Id. The plaintiff asserted that those factors weighed in favor of a finding that an attorney-client relationship existed, but the court disagreed:

Pennington met Collins on the day he was removed as Advantage’s president. Thus, Collins had not previously represented Pennington. Although Pennington did not have independent representation at that time, he retained his own legal counsel shortly after the June 27 meeting. Pennington asserts he believed Collins was “advising him and representing his interests” because Collins represented to Pennington that Pennington’s interests were not adverse to Fields’s and Phillips’s. He contends Collins admitted he was representing all three directors. To demonstrate this, he relies on Collins’s deposition testimony. In his deposition, Collins was asked if he thought he was helping Pennington. Collins stated he was trying to “find a solution for all of the parties to work together” and if it worked out, it would have helped Pennington. His goal was to help his clients, who were Fields and Phillips and later Advantage. Pennington’s summary judgment evidence does not show that Collins affirmatively assumed a duty to represent Pennington individually. Evidence Pennington had a subjective belief that Collins was representing him is insufficient. Whether there was a meeting of the minds about representation must be based on an objective standard, and there is no objective evidence Collins intended to create an attorney—client relationship with Pennington. An attorney—client relationship was not created between Collins and Pennington simply because Collins discussed matters with Pennington that were relevant to both Pennington’s and Advantage’s interests.

Id. The court held that the evidence did not raise a fact issue regarding the existence of an attorney-client relationship and affirmed the summary judgment motions.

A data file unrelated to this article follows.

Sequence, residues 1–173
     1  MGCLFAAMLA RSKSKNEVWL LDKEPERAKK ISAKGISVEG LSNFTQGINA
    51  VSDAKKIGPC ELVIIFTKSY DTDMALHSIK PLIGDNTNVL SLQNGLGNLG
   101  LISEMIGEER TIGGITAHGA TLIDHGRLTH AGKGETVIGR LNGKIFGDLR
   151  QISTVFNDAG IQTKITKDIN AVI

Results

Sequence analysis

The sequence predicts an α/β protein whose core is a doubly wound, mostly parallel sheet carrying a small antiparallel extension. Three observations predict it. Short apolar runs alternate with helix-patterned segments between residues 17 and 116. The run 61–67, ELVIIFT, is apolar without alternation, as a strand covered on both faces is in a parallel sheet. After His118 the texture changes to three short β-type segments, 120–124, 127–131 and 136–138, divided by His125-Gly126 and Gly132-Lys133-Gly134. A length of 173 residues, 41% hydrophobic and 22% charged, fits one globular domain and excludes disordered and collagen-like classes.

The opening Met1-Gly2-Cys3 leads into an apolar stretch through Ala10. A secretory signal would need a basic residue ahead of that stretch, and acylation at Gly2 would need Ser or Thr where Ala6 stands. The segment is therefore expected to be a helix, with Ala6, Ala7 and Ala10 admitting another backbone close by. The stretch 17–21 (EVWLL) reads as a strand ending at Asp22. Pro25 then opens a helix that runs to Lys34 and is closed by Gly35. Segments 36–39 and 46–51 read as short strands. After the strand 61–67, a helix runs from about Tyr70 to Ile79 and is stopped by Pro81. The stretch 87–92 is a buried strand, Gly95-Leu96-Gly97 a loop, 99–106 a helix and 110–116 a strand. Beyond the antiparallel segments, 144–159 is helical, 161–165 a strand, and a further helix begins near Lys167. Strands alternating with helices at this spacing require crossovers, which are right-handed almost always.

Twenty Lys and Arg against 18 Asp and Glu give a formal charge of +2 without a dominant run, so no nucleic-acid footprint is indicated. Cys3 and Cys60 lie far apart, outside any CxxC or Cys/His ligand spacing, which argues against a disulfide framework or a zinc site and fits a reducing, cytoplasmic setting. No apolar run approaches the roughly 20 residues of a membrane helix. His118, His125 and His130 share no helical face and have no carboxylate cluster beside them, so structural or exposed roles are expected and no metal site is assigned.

Interesting Note: This case raises an important issue for attorneys who represent closely held businesses and the owners and operators of those businesses. The parties should be careful to properly document who the client is and the scope of the representation. Otherwise, there may be confusion as to whom the attorney owes fiduciary duties.

Certainly, an attorney can represent more than one party; in fact, that is very common. For example, a law firm may represent a shareholder and the company in an asset sale transaction. More commonly, a law firm may represent both spouses in the sale of real property, the leasing of minerals, or in estate planning. See, e.g., Estate of Arlitt v. Paterson, 995 S.W.2d 713, 720–721 (Tex. App.—San Antonio 1999, pet. denied) (an attorney may represent a couple as joint estate planning clients, in which case the attorney will owe a duty to both clients). So, a reasonably prudent attorney should identify who he or she represents and clarify that he or she does not represent a party when the attorney first communicates with a party regarding a legal matter. See Tex. R. Disc. C. 4.03 (“In dealing on behalf of a client with a person who is not represented by counsel, a lawyer shall not state or imply that the lawyer is disinterested. When the lawyer knows or reasonably should know that the unrepresented person misunderstands the lawyer’s role in the matter, the lawyer shall make reasonable efforts to correct the misunderstanding.”). Though not dispositive, a “trier of fact may consider the construction of a relevant rule of professional conduct that is designed for the protection of persons in the claimant’s position as evidence of the standard of care and breach of the standard.” William V. Dorsaneo, Texas Litigation Guide, § 322.02 (Citing Restatement (Third) of Law Governing Lawyers § 52, Comment f).